ANZ Bank has admitted it poorly managed its OnePath financial advisory and life insurance arm, blaming more than a million breaches on a failure to thoroughly test systems.
Chief executive Shayne Elliott admitted to a federal parliamentary committee on Wednesday his bank had made mistakes with OnePath, including directing the superannuation of 1400 people into the wrong account.
“That was a mistake of reasonable magnitude,” he told the House of Representatives economics committee in Canberra.
“What we’ve done is put it right for our customers and we’ve put them back to the situation they would have been in otherwise.”
Mr Elliott insists the processes have been fixed to ensure the breaches can’t happen again, and confirmed individuals involved had copped financial consequences.
“We made a mistake, it was poorly managed,” he said.
“We didn’t test our systems well enough in terms of making these transitions of super funds.”
About $30 million was deposited into the incorrect superannuation funds with other breaches including ANZ failing to follow up on uncashed cheques including life insurance claims and super benefits.
The Australian Securities and Investments Commission found more than one million customers were impacted by the breaches.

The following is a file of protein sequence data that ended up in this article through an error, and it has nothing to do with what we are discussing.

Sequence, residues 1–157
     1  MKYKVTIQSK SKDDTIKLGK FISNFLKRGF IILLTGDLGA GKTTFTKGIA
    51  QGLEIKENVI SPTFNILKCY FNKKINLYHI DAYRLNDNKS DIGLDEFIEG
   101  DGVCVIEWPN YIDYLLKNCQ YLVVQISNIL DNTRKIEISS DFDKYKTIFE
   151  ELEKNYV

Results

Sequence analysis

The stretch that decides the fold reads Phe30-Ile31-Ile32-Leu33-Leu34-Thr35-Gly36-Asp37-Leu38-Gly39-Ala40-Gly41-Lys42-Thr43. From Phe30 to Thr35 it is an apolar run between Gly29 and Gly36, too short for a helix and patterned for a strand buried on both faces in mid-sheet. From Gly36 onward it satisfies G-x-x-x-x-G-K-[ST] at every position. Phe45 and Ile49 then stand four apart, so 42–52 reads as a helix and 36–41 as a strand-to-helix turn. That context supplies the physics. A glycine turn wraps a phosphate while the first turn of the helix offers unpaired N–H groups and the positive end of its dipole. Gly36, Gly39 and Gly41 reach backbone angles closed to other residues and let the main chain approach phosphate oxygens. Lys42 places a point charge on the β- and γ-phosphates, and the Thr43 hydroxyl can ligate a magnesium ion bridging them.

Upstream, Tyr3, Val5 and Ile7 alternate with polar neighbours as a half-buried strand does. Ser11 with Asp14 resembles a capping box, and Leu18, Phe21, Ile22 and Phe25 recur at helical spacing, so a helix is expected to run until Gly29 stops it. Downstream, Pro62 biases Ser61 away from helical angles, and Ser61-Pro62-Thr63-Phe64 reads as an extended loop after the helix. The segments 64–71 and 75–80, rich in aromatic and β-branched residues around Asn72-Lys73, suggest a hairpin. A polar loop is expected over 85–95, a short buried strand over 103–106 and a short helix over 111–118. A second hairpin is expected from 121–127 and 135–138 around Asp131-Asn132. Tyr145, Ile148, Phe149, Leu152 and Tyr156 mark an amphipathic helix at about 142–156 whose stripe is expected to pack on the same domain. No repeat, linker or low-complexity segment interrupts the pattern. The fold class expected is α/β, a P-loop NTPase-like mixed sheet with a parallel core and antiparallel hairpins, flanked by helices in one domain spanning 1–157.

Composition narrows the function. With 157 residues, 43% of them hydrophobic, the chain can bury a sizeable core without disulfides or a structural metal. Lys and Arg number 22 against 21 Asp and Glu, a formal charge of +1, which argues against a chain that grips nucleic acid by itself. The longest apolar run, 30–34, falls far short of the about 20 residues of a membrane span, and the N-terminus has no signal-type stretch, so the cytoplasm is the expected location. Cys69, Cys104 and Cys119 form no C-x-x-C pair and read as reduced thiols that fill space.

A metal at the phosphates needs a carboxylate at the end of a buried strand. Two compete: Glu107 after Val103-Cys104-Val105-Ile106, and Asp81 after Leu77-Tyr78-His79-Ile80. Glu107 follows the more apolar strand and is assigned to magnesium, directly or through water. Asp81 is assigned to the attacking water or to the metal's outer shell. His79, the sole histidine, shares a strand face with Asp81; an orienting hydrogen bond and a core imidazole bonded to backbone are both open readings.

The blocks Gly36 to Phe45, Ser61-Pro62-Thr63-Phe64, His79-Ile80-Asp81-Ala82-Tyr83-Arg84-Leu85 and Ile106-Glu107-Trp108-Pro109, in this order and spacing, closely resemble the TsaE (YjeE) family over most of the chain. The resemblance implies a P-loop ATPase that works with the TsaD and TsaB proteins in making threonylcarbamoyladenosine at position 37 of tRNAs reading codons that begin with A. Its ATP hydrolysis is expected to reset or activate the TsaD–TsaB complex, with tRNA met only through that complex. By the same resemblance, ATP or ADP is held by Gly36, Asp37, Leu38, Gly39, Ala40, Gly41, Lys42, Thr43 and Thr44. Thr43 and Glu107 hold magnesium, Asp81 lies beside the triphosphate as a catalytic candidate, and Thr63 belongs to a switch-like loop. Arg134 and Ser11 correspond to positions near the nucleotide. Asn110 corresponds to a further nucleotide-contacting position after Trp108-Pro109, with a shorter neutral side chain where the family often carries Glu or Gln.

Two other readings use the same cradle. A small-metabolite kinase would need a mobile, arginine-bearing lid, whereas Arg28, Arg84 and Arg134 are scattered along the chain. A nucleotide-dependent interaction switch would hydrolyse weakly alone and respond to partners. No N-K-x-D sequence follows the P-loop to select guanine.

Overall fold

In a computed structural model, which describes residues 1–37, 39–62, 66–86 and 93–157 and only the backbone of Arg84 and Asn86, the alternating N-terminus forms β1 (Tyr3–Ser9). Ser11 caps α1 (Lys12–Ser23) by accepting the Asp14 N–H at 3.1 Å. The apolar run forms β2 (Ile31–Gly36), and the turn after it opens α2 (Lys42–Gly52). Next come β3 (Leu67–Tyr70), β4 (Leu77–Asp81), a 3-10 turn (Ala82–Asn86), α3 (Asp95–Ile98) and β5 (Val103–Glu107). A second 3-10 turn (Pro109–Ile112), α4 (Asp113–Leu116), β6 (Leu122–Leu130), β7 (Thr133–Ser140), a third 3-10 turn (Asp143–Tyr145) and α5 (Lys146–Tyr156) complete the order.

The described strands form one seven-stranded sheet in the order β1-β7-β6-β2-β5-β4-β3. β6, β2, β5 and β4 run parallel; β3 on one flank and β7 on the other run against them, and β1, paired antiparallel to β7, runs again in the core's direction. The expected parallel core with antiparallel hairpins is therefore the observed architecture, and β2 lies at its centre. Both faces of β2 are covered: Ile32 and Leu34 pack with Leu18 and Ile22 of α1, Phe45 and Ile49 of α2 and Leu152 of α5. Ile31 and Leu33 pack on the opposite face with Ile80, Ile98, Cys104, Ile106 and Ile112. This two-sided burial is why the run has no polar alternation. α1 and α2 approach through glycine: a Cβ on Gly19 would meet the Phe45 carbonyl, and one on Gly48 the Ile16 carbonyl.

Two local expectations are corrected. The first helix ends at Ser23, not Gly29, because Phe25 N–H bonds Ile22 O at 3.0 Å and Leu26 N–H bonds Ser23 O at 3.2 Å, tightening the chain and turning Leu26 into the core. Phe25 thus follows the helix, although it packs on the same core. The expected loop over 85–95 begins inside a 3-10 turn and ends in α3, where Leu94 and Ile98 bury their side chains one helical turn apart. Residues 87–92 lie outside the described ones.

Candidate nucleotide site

Banks’ pay day
Meanwhile, new research show the four big banks make millions of dollars out of delaying official interest rate cuts.
The big four banks can collectively make about $8.6 million a day when they don’t fully pass onto borrowers a hypothetical 0.25 percentage point cut in the Reserve Bank’s cash rate.
That’s the finding of an analysis by Abbas Valadkhani, a professor of economics at Swinburne University of Technology, that also shows most building societies and some credit unions can offer more competitive home loans than banks.
“If ANZ, CBA, NAB and Westpac manage to postpone lowering their mortgage interest rates say by 10 days, they can potentially each make an extra $16-26 million dollars in profits,” he wrote on The Conversation website.
ANZ has a 16 per cent share of an open and competitive market in Australia.
While the bank’s profit is large — at about $7 billion — it is less than 1 per cent of the $900 billion in assets that it holds.